As a Mechanical Engineer, you will learn many diverse skills you can apply across various industries, such as manufacturing, construction and maintenance. By taking a Certificate III and above course, you will learn not only the practical skills of welding, cutting and using handheld tools, but you’ll come away with knowledge of technical drawing, dismantling and rebuilding mechanical equipment and using computer-controlled precision machinery.
Some of the careers for Mechanical Engineering tradespeople include:
- Fitter and turner
- Mechanical Fitter – Aviation
- Plant Mechanic
- Fluid Power Mechanic
All of these roles are highly physical and have the potential to be located across many different types of workplaces, providing you with plenty of variety. Undertaking an apprenticeship is a highly successful and proven way to learn on the job and secure your future employment prospects.
Certificate and Apprenticeship Courses
For all courses listed below, the same entry and PPE requirements apply as the Statement of Attainment courses listed above.
MEM20413 - Certificate II in Engineering Pathways
This is a full-time course (5 days a week) with a duration of ten and a half weeks and will prepare you for a career in the Engineering trades. This course provides a grounding in all aspects of basic welding plus skills like teamwork, understanding environmental impacts and occupational health and safety. This course is highly recommended for those wishing to find apprenticeship opportunities.
MEM20105 - Certificate II in Engineering
This is a one-year (12-month) Australian Apprenticeship Training Contract. Additional entry requirements apply, and you must have already signed an approved contract with an Australia Apprenticeship Support Network. Applicants can be 15 years of age or older if participating in a school-based apprenticeship training contract.
After this course, you will have learned via both theory and practical training through trade school, self-paced study and placement at on-the-job training, and we will conduct assessments in all of the above.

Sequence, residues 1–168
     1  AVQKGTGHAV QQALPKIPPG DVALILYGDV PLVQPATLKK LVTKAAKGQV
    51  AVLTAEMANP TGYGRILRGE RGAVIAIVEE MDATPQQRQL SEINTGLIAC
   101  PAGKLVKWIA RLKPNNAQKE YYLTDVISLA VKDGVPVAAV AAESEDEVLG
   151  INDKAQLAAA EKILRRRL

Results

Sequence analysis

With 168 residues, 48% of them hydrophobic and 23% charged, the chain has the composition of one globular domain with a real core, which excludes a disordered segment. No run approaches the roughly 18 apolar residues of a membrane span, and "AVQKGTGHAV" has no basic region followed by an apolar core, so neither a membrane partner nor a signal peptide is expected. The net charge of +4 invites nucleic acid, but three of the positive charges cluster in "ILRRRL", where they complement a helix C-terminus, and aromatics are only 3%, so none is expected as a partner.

MEM30219 - Certificate III in Engineering - Mechanical Trade
This is a four-year (48-month) Australian Apprenticeship Training Contract, teaching you skills required for employment within the mechanical trades. You will come away prepared for the repair and replacement of engineering components using a variety of machines and their upkeep.
MEM30319 - Certificate III in Engineering - Fabrication Trade
This program is also offered as a four-year (48-month) Australian Apprenticeship Training Contract. The skills learned in the Certificate III in Engineering Fabrication stream focus on the layout and design of structures and completing fabrication work by learning to use tools and machinery to cut, saw, bend metal - sheet metal work, blacksmithing and surface finishing.
This qualification will transition to MEM31922 Certificate III in Engineering – Fabrication Trade by 18 December 2023.
MEM40119 - Certificate IV in Engineering
A higher level of qualification, this course is generally conducted in the same amount of time as Certificate III but serves to provide a more detailed Engineering understanding to work at a higher level such as a Special Class Engineering Tradesperson Mechanical.